Paternostro’s misplaced outrage hits at the core of the problems with American schooling, which teaches kids to regurgitate facts by rote and eventually how to have the ‘right’ political opinions, but does not teach them critical thinking, analytical reasoning or any other tactic for making use of those facts. The result is an obedient, unquestioning populace that excels at following orders and being offended - but not much else.

A docile, insecure population is crucial to a functioning police state. Ironically, before the BLM era, kids were consistently reminded that ‘the policeman is your friend.’ While ‘copaganda’ has only recently come to the attention of the public, where it is erroneously seen as a threat to adults, American kids grow up surrounded by smiling cartoon officers helping old ladies cross the street and rescuing kittens from trees. 

These depictions certainly don’t harmonize with the hyper-militarized police who’ve become ubiquitous across the US since the 9/11 terror attacks, and no doubt rankle inner-city kids who see ‘Officer Friendly’ throwing their older brother up against the wall and frisking him or dragging their father away in handcuffs. But Paternostro and other parents taking issue with the ‘cops are violent racists’ propaganda didn’t complain. 

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It’s highly doubtful those taking offense at the cartoon would even recognize pro-cop brainwashing as propaganda - even though over the years it has become such a cliché that a book published in 2002 mocked the trope with its title, The policeman is your friend, and other lies. Just because one agrees with propaganda does not make it any less manipulative, and in a society where the police functioned as the people desire, ‘copaganda’ would be unnecessary - civilians would trust the police.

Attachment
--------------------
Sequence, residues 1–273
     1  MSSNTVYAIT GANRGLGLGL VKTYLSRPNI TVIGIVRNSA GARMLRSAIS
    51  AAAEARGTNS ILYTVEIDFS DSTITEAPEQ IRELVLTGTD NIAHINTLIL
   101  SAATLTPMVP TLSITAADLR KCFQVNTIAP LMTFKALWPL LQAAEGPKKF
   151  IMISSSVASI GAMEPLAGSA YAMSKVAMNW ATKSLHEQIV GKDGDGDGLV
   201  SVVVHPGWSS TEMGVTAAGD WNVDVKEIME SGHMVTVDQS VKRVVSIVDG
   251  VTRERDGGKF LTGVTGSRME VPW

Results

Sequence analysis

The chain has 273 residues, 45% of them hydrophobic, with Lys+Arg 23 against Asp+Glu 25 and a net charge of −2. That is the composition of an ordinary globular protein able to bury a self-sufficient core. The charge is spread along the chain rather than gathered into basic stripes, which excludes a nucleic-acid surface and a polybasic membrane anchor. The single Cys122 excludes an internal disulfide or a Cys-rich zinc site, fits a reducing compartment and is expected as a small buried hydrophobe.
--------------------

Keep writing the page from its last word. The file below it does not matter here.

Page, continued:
Individual officers can’t be blamed for the racial disparities in the justice system, any more than individual teachers can be blamed for the dumbing down of American kids. But just as cops are gradually waking up to the abuses of the police state they’ve helped enforce now that its leaders are turning on them, teachers would be wise to stop catering to the oligarchs who make US education policy. 

With entire school systems now being handed out to the architects of the infamous Common Core, which reduced teachers to glorified standardized-test administrators and did more in a few short years to lower the US’ standing on international academic rankings than any other educational program, there’s never been a better time for them to rebel against the status quo and teach their charges how to think critically and question authority.  

But bullying students into marching in ideological lockstep with BLM is not teaching them to ‘question authority’ - it’s dressing up totalitarianism as social justice. And it’s only possible because the parents of those students, incapable of critical thinking, don’t know how to cry foul on this sham. 

Then again, if school is indeed meant to serve as preparation for the ‘real world,’ Nicole Paternostro has certainly gotten a crash course in what’s in store for her when she graduates. Perhaps Chris Moreno should be awarded Teacher of the Year.

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The statements, views and opinions expressed in this column are solely those of the author and do not necessarily represent those of RT.